Saint Sylvester I was Bishop of Rome

Saint Sylvester I was Bishop of Rome

Our father among the saints Sylvester I was Bishop of Rome from January 31, 314 to December 31, 335. He headed the Church of Rome during the first two decades following the Edict of Milan. He is commemorated on January 2.


Little is known of the early life of Sylvester. He was born in Rome to Rufinus and Justa. The date of his birth is unknown. His father died while Sylvester was young. Raised by his mother, he received his education from the priest Quirinus who gave him a Christian education. As a young adult, Sylvester strove to fulfill the Lord's command to love one's neighbor. He welcomed strangers and travelers into his home and did not hesitate to provide shelter for more than a year to the confessor Bishop Timothy of Antioch.

Bp. Timothy preached actively, bringing many to Christianity. His activities came to the attention of the Roman Prefect Tarquinius who had Timothy arrested and then executed. Sylvester secretly took his body and buried it. When Tarquinius found out, he had Sylvester arrested, tried, and placed in prison. In prison Sylvester remained true to his confession of faith although threatened by torture and death by Tarquinius. Sylvester was soon freed when after the trial Tarquinius suddenly died. Sylvester then returned to preaching the Gospel to the pagans, converting many of them. At the age of thirty years, Sylvester was ordained a deacon and then a priest by Bishop Marcellinus. On January 31, 314, Sylvester was elected Bishop of Rome after the death of Bp. Militiades. Sylvester was known for insisting that his priests strictly fulfill their duties and not become involved in secular affairs.

Sylvester led the Church of Rome during the early decades following the Edict of Milan in 313 that proclaimed religious toleration in the Roman Empire. He was a staunch defender of Christianity. He led a public debate with other religions, particularly with Jewish advocates, to determine which faith was true. His efforts bore success, bringing many to believe in Christ, who then asked for baptism. During the sessions of the First Ecumenical Council of 325 in Nicea, Bp. Sylvester did not attend but was represented by two presbyters, Vitus and Vincentius. Bp. Sylvester reposed peacefully of old age on December 30, 335 and was buried in the cemetery of St. Priscilla.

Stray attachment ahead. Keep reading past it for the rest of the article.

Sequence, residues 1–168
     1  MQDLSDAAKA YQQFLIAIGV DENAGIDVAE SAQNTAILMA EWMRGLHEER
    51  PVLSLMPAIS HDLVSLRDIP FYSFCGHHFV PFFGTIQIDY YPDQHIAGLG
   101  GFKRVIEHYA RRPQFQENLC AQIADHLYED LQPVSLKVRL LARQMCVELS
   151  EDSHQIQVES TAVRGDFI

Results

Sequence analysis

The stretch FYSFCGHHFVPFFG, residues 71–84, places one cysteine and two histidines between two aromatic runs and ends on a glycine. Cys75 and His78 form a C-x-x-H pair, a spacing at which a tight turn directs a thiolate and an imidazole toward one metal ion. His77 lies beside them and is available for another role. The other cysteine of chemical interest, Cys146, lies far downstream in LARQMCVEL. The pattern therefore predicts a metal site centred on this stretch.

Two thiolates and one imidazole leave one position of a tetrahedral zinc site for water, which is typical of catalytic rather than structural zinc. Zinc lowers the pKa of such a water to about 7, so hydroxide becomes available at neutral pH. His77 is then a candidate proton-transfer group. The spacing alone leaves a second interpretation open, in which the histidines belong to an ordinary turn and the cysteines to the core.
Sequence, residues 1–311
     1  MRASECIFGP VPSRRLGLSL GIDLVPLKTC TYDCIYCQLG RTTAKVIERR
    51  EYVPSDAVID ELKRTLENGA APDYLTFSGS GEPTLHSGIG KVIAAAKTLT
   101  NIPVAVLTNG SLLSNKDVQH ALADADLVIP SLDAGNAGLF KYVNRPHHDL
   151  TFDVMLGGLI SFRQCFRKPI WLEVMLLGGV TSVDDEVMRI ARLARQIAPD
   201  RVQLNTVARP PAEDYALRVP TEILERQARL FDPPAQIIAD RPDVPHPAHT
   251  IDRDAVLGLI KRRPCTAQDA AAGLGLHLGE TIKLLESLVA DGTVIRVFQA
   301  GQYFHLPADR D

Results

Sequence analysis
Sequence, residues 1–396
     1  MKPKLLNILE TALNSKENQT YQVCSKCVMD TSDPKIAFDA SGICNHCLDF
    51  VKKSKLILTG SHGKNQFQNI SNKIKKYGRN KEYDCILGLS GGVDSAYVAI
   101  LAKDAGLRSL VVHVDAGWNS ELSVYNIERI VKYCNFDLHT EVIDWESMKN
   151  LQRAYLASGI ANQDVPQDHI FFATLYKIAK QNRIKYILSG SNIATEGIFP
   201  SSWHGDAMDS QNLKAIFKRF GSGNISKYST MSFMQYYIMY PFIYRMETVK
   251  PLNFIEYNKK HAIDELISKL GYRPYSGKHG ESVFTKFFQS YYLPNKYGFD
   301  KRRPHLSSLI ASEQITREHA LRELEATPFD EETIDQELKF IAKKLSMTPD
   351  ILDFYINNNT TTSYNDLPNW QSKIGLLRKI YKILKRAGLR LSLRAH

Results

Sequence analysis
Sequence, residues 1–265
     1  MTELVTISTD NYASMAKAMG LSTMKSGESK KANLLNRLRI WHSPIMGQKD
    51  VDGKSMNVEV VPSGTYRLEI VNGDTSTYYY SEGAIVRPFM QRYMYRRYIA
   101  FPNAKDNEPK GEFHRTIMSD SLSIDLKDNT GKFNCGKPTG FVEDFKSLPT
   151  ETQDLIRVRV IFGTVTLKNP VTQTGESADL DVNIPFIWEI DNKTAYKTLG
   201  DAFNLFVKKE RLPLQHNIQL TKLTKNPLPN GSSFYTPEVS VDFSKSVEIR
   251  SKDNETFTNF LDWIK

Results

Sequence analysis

Baptism of Constantine

During the latter part of the fourth century, members of the Western Church, who thought it inappropriate that Constantine I could be baptized on his death bed by a bishop whose orthodoxy was in question, built a legend that earlier in Constantine's career Bp. Sylvester had baptized Constantine after curing him of leprosy. This legend was later documented in the "Donation of Constantine"wikipedia: Donation_of_Constantine, a document fabricated in the second half of the eight century.

2 january: Forefeast of the Theophany of Our Lord and Savior Jesus Christ; Saint Theodota, the mother of the holy Unmercenaries, Ss. Cosmas and Damian (3rd c.); Martyr Sergius, by the sword, at Caesarea in Cappadocia (301); Martyr Theopistus (Theopistos), by stoning; Hieromartyr Theogenes, Bishop of Parium on the Hellespont (ca.320); Saint Sylvester I of Rome, Pope of Rome (335) (see also December 31 - Latin); Martyr Basil of Ancyra, under Julian the Apostate (362) (see also January 1 - Slavonic); Hieromartyr Isidore, Bishop of Syrian Antioch, by the Arians (4th c.); Venerable Theopemtus (Theopemptos), Monk; Righteous Mark the deaf-mute; Venerable Ammon of Tabennisi, monk (5th c.) (see also October 4 - Greek); Martyrs Artaxus, Acutus, Eugenda, Maximianus, Timothy, Tobias and Vitus, in Syrmium in Pannonia (3rd-4th c.); Martyrs of Rome: many martyrs who suffered in Rome under Diocletian for refusing to give up the Holy Scriptures (ca.303); Thousand Martyrs of Lichfield ('field of bodies') in England: Hieromartyr Amphibalos and 999 others at Lichfield, under Diocletian (ca.303); Saint Martinianus of Milan (Maternian), Bishop of Milan in Italy, took part in the Third Oecumenical Council and wrote against Nestorianism (ca.435); Saint Aspasius of Auch, Bishop of Auch in France, took part in the Councils of Orleans in 533, 541 and 549, and a Council in Auch in 551 (ca.560); Saint Schottin (Schotin, Scarthin), hermit of Kilkenny, Ireland (6th c.) (see also January 6); Venerable Saint Seiriol the Righteous, Abbott of Penmon Priory, (6th c.) (see also February 1); Saint Munchin the Wise (Mainchín of Limerick), first Bishop of Limerick and also its patron-saint (late 6th c.); Saint Blidulf (Bladulf), a monk at Bobbio Abbey in Italy who bravely denounced the heresy of the Arian Lombard King Ariovald (ca.630); Saint Vincentian (Viance, Viants), a disciple of St Menelaus, he became a hermit near Tulle in Auvergne (ca.730); Saint Adalard of Corbie (827); Saint Cosmas I of Constantinople the Wonderworker, Patriarch of Constantinople (1081); Saint Sylvester of the Kiev Caves (12th c.); Righteous Juliana of Lazarevo (1604); New Martyr George (Zorzes, Zorsisus) the Georgian, at Mytilene (1770); Venerable Saint Seraphim of Sarov, Wonderworker (1833) New Martyr Basil (1942); New Hieromartyr Dmitri Shpakovsky (1942);

Written by Ecumenical Catholic Church of Christ on . Posted in 02